This week WABE aired remarks from Atlanta Mayor Kasim Reed that more recent data is needed to give detailed numbers about sex trafficking in Atlanta.
Reed also said the crime has significantly moved out to the rural areas.
WABE’s Rose Scott reports on reaction to Reed’s comments.
If you type in sex trafficking and Atlanta into any online search engine, countless links to articles, presentation papers and news documentaries will surface.
Even as late as December 2012, one headline read Atlanta is number 1 hub for child sex trafficking.
As for an accurate number to detail how many children are victims, Cheryl Deluca-Johnson says that type of research should be unending.
“Every time is the time. This is something where you do one bit of research and one bit of data and use those numbers ongoing.”
Deluca-Johnson is the CEO and president of Street Grace, a faith based organization that works to end domestic sex trafficking of minors.
While she agrees with Mayor Reed about new data being important Deluca-Johnson says there’s still a major Atlanta connection to the sexual exploitation of children.
“A good portion of this does happen in Atlanta and metro Atlanta areas. Anywhere there is poverty, vulnerable children and buyers this will happen and that covers just about everywhere.”
And Atlanta has a specific business industry that Deluca-Johnson says is linked to sex trafficking.
“There’s a correlation in research between adult entertainment facilities and this particular issue. And we know that Atlanta has a high ratio of adult entertainment.”
According to the Governor’s Office for Children and Families each month two to five hundred girls are commercially sexually exploited throughout Georgia.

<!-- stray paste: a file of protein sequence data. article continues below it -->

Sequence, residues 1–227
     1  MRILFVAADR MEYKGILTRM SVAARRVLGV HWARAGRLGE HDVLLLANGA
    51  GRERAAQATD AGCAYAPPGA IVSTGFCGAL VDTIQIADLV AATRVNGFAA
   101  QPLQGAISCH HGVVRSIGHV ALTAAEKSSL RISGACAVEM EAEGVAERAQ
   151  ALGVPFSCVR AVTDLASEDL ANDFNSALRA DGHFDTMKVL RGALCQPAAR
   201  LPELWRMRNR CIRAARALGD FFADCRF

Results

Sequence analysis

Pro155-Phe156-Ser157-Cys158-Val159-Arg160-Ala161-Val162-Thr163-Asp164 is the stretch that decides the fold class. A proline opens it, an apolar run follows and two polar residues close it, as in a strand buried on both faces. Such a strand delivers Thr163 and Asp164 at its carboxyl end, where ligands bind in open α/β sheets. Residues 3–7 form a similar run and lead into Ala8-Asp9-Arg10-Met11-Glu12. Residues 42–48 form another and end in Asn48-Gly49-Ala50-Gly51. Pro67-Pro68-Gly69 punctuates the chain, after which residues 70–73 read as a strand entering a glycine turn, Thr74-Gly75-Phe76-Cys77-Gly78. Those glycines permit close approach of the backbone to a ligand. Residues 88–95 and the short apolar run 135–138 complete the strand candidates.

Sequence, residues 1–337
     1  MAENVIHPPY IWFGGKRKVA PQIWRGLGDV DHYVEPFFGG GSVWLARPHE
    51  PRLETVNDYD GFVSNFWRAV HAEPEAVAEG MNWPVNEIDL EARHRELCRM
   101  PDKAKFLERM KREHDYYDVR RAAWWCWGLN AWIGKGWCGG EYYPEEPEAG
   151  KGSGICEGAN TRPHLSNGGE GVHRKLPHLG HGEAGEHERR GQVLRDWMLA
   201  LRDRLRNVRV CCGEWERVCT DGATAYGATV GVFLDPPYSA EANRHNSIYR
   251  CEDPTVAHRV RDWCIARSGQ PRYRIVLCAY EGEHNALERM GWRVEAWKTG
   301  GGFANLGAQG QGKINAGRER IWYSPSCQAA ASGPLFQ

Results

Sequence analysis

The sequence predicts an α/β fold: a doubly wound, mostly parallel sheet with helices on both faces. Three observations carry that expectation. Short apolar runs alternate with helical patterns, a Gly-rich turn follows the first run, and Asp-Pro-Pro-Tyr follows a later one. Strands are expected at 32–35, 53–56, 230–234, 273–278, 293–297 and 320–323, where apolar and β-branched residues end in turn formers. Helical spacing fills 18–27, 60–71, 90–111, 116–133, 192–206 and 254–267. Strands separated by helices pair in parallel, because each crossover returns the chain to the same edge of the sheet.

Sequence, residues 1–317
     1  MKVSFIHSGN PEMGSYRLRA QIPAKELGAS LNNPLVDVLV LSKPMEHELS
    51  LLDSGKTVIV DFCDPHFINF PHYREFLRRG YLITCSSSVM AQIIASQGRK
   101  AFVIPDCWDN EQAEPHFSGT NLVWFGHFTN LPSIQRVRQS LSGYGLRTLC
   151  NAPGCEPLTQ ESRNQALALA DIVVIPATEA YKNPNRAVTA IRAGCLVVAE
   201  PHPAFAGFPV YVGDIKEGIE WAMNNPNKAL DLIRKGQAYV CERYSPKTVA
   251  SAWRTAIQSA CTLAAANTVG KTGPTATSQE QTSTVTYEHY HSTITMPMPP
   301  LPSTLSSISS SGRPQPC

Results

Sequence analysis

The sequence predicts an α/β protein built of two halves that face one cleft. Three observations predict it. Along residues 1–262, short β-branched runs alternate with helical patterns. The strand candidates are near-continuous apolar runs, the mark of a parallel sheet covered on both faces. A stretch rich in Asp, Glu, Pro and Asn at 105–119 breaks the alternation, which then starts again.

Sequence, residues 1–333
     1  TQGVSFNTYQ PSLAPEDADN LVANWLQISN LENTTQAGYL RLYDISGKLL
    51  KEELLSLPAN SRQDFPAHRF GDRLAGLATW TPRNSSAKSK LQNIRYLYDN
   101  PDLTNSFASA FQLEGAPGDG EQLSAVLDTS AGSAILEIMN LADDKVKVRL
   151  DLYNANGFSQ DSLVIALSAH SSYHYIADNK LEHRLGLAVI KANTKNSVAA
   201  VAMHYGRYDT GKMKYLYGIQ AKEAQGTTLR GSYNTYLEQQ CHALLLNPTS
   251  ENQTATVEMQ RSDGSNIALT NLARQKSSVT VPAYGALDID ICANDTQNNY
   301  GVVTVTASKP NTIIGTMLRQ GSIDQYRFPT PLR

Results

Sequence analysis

The research indicates the average age of entry into trafficking is between 12 and 14 years old.
The agency takes data from the national Report on Domestic Minor Trafficking: America’s Prostituted Children…as well as information from the Atlanta based research and marketing and firm called the Schapiro Group.
Jennifer Swain says whether in rural Georgia or Atlanta, another focus of research is the demand side of trafficking.
“Our research from the Georgia Demand study showed that 72-hundred men seek to purchase sex with adolescent girls each month here in Georgia. And 42% percent of that gave their location as north of the perimeter. Now does that mean that they don’t engage in that activity in the city, no.”
Still Swain maintains prevention and rescuing children are priority.
“This problem is still so new that it’s hard to quantify where it happens and how it happens. But the point is the absolute one thing that we all work for is that it shouldn’t happen to one child anywhere.”
Jennifer Swain and Cheryl Deluca-Johnson both agree that it will continue to take a collective approach to address child sex trafficking.